U.S. military withdraw from Uzbek air base

The U.S. military on Monday flew its last plane out from an air base in Uzbekistan that had been an important hub for American military operations in Afghanistan, a U.S diplomat confirmed.

Uzbekistan's President Islam Karimov in July ordered the U.S. troops to leave the air base within six months.

Pentagon spokesman Lt. Col. Joe Carpenter in Washington said the withdrawal had been taking place gradually over the past several months.

"The last plane left the air base in Karshi-Khanabad" on Monday afternoon, U.S. military attache Gregory White said.

A small number of personnel remained, as the U.S. military wraps up its activity. "We are still performing some small operations on the base," U.S. Central Command spokesman Ens. Joe Vermette said.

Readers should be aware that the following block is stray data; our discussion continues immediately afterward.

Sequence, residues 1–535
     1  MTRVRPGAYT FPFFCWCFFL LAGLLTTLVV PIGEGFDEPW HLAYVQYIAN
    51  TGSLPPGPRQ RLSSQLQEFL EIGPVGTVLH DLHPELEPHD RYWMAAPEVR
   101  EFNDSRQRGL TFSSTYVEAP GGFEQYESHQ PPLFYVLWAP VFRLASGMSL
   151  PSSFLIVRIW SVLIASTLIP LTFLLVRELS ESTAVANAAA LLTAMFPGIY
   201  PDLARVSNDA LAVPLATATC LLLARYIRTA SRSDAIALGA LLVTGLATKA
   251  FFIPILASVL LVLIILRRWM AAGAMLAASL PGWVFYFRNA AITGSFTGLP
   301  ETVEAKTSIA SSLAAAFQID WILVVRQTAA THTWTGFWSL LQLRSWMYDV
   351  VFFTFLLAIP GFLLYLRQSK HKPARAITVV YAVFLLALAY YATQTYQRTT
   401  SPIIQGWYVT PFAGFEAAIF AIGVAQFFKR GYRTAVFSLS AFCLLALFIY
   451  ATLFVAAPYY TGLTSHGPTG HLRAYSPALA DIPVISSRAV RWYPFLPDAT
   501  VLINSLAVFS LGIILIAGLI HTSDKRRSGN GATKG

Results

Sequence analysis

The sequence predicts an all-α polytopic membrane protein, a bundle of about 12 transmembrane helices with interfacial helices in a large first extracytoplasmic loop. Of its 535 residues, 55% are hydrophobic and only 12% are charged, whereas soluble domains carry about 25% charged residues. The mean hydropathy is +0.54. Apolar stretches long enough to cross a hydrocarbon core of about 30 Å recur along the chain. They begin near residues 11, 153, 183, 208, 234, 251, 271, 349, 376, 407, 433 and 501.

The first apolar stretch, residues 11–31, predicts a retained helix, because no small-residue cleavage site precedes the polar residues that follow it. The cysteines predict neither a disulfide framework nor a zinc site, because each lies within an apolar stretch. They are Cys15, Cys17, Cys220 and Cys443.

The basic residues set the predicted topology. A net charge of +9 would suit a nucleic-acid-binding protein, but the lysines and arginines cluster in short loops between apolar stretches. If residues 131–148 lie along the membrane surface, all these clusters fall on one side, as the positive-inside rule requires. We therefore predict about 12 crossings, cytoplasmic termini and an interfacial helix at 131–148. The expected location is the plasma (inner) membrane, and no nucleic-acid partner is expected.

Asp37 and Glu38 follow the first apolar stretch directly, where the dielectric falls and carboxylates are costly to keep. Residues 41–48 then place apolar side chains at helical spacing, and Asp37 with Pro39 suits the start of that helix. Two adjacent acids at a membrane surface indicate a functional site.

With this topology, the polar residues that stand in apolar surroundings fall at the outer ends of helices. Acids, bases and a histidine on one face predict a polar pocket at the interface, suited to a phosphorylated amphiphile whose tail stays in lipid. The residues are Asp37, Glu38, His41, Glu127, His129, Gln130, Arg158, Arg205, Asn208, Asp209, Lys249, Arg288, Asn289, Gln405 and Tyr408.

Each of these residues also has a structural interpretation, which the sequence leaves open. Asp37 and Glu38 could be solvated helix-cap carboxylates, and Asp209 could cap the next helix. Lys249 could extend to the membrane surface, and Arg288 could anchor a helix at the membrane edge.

The base has been an important staging point for U.S. military operations in neighboring Afghanistan since the earliest days of the war, which began in October 2001. More recently, the base has been used to move supplies, including humanitarian aid, into northern Afghanistan. It also is a refueling point for transport planes.

Uzbekistan became an important ally in the war on terrorism after the Sept. 11, 2001, attacks and granted permission for the United States to establish an air base in the country, the AP reports.


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